Growing numbers of business owners and entrepreneurs are switching out their permanent, fixed office space for virtual, on-demand office space. Research shows one-quarter of the workforce works at least some of the time away from their offices, a number expected to hit 40 percent in a couple years.

The reasons are myriad. Let’s recount some of the key drivers. First, permanent office space is expensive. Research shows small businesses spend upwards of 10 percent of their revenue on office space. Second, fixed office space is inflexible. You cannot add more offices when you need them, or eliminate them when you no longer need them. And one conference room size and configuration doesn’t fit every meeting requirement. Third, workers want flexibility. They’re even willing to take less pay in exchange for flexible work hours and the ability to work remotely; recruiting and retaining top talent becomes easier. Fourth, over three-quarters of workers indicate they are more productive if they have flexible work schedules—and this includes workplace flexibility. 

When it comes to industry segments, the use cases for virtual offices are quite compelling. Let’s take a look some of the more prominent ones.

Finance and Real Estate.

Finance and real estate professionals are busy and regularly on the go between different client meetings. Sometimes, you need a place to focus on work for a day; think day offices or even coworking spaces. In other instances, you need conference rooms for client meetings—in professional locations convenient to your clients. At the same time, rather than using your home address, a post office box, or a subpar address for a permanent office location you can afford.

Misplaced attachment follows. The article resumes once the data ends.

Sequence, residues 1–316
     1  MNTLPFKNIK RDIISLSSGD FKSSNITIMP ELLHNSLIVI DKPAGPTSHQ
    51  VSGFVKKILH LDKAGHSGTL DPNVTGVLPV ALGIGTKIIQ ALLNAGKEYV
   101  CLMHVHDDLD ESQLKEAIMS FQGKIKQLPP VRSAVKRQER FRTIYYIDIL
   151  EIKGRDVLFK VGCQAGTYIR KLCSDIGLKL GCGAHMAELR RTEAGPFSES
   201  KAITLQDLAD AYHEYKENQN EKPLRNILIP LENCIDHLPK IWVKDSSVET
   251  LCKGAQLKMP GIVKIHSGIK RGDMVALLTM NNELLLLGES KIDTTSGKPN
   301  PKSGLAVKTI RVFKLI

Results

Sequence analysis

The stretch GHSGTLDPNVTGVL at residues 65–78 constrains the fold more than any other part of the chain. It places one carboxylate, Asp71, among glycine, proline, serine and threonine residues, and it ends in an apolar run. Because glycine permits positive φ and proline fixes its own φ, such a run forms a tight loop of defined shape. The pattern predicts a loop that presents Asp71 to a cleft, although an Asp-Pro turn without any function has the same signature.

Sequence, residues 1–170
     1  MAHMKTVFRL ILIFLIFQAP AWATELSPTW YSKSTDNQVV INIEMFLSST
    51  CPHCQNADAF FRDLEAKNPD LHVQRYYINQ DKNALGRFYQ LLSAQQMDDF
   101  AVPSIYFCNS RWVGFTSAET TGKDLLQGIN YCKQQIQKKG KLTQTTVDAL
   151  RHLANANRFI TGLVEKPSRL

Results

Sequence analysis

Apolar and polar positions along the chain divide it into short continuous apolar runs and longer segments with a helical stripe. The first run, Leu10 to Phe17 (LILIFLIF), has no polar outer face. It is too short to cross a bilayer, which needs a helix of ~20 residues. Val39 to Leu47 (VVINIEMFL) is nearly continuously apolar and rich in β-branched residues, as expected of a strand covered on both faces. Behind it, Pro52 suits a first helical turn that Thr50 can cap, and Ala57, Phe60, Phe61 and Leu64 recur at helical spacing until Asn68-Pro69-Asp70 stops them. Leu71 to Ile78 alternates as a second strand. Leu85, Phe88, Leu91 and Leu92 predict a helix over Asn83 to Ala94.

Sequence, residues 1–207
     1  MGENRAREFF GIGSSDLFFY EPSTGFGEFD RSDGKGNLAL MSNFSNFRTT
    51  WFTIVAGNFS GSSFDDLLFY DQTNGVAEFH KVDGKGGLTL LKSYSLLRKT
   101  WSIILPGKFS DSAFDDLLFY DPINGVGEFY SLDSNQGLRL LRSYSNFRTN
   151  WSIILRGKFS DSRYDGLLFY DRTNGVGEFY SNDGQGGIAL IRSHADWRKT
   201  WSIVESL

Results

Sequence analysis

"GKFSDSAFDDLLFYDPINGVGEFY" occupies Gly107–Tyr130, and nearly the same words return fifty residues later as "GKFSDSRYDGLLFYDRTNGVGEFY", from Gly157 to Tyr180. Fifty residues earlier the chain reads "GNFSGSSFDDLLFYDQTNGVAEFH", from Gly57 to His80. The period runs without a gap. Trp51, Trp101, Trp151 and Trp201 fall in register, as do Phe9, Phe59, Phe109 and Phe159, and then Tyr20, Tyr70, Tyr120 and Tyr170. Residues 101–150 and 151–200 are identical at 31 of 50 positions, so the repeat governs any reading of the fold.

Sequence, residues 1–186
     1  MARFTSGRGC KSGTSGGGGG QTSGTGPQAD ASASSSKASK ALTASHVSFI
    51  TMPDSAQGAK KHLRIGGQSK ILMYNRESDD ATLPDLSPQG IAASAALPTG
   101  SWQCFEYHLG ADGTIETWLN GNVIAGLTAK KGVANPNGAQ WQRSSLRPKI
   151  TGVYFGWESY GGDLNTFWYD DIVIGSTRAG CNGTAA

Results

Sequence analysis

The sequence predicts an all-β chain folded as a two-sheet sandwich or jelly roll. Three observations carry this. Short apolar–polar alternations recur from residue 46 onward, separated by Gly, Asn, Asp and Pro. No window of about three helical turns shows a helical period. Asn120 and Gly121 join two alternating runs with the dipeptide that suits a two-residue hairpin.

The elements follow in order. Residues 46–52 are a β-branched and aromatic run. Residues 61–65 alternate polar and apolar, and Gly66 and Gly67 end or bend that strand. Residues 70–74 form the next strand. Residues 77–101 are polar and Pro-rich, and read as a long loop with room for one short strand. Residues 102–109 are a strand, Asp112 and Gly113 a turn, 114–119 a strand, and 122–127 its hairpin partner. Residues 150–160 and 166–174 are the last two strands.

Legal Firms.

Legal professionals have packed, fast-paced schedules—everything from defending a client in a courtroom, to researching and preparing a case, to taking a disposition, to meeting with a client. Law firms that lock themselves into permanent offices may find themselves spending valuable time running between meeting locations and their office—adding up to hours each week or weeks each year. For an organization that literally counts minutes when it comes to billable time, this can add up to a lot of lost revenue. Virtual offices give legal professionals the ability to use day offices, coworking spaces, and conference rooms with state-of-the-art features in professional locations close to courthouses, public transit, your clients. 

Media & Advertising.

Advertising and marketing professionals need to spend focused time working on client deliverables. But they also spend time in brainstorming sessions with other colleagues and clients. And as clients have high expectations when it comes to the offices and their locations, permanent office space can quickly add up. Plus, with clients in geographically dispersed locations, media and advertising professionals need professional offices on-demand. Virtual offices give them all of the above, with benefits that range from lower cost, to improved efficiencies, to greater flexibility.  

Entrepreneurs.

Cost is a critical driver for any entrepreneur who is just starting her or his business. Jettison the overhead of a permanent office and use virtual offices when you need them. Coworking spaces give you a chance to network with other entrepreneurs and small businesses, while conference rooms give you a private, professional space for meetings with customers and partners.

Healthcare.

Healthcare professionals have busy professional lives—going from one medical center to another and series of meetings with staff, physicians, and insurance companies. Having one physical office space may not make sense, whether focused time by yourself or those nonstop meetings you attend. This is where virtual offices can be especially useful. For that focused time working on projects or paperwork, day offices or coworking spaces are great places to land. For all of those meetings, virtual offices allow you to review and select the one that best meets your meeting requirements—from room size, to location, to configuration, to presentation tools. 

The list of potential industries could go on, but you get my point. The benefits of virtual offices are vast. Even for the business with a permanent office location, virtual offices provide them with a great opportunity to expand to new locations without adding expensive overhead, have a place to work and meet when traveling or meeting with customers and partners, and host meetings when their own facility isn’t the best/right venue